|Belize in a Breeze - Bring Your Camera|
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Bring Your Camera
We decided to return to Belize this year with new goals in mind other than only fishing. This time, we also wanted to learn about the Mayan ruins that cover the landscape. As an archeologist in the late 1970s and early 80s, this particularly perked my interest. Flourishing as a civilization in Central America from about 2,000 BC to 1,000 AD, the Maya Indians built great temples, crafted technologically advanced artifacts, pottery and tools, created a working calendar, and carved their stories on rock slabs known as stelae.
On one of our day trips, we ventured by powerboat and van from Ambergris to Zunantanich (pronounced shoo-nan-TA-nich, meaning “stone woman”). It’s a magnificent Mayan town that existed from 700 to 1,000 AD, after which activity at the site mysteriously stopped and it became abandoned. After crossing the Mopan
River by hand-cranked ferry and snapping pictures of enormous iguanas sunning themselves on the banks, we climbed the hill to a high, limestone ridge majestically rising over the surrounding countryside. The most impressive structure is the central temple, known as El Castillo (“the castle”).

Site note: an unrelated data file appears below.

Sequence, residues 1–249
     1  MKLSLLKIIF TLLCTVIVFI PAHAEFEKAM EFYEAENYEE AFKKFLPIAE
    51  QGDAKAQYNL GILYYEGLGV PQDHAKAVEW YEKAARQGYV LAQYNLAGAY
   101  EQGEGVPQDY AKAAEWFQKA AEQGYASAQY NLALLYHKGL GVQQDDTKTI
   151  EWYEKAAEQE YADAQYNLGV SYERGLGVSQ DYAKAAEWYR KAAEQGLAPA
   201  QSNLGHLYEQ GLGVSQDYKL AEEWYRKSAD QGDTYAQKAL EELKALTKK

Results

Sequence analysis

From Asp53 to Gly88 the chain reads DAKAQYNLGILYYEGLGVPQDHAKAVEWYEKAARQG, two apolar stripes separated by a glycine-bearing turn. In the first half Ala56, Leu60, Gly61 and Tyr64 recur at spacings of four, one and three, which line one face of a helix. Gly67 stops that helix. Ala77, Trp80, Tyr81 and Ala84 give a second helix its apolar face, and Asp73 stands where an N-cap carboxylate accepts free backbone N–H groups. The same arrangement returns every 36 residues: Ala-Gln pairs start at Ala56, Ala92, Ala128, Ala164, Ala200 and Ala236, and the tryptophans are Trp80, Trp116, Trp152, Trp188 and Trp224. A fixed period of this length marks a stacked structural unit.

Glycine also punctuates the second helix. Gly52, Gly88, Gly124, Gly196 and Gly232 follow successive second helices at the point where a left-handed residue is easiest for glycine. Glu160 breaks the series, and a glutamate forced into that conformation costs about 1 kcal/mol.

Climbing El Castillo became an adventure in itself, with narrow, worn steps and no guardrails. But I recommend carefully making the trek as you’ll witness beautiful views from the pinnacle of the temple. Giovanni, our guide, asked us to be quiet; he clapped his hands together, and we could hear a resounding echo from the plaza floor some 125 feet below us. It really made us appreciate the architecture of this place. I could then more easily imagine the high priest perched here centuries ago in a jaguar-skin robe and feather plumage, giving orders and edicts to his loyal subjects grouped below.
San Pedro hosts an annual Lobsterfest in June with eight days of events including street parties, lobster recipe competitions, lobster beach barbecues, and even a King and Queen pageant. Visit www.sanpedrolobsterfest.com for more details.
You won’t want to miss Fido’s Restaurant and Bar (pronounced Fee-Doughs) in San Pedro, its bar well-known throughout the Caribbean for funky reggae music. Check out www.fidosbelize.com.
Other Notes of Interest
Visit the U.S. State Department’s web site for more details about Belize: www.state.gov/p/wha/ci/bh/.
David Barton resides in Wisconsin, where he enjoys frequent lake-fishing excursions with his wife and daughter. On a more international note, Barton’s career allows him to travel to all points of the globe, and his baggage includes gear suitable for just about any species he might encounter.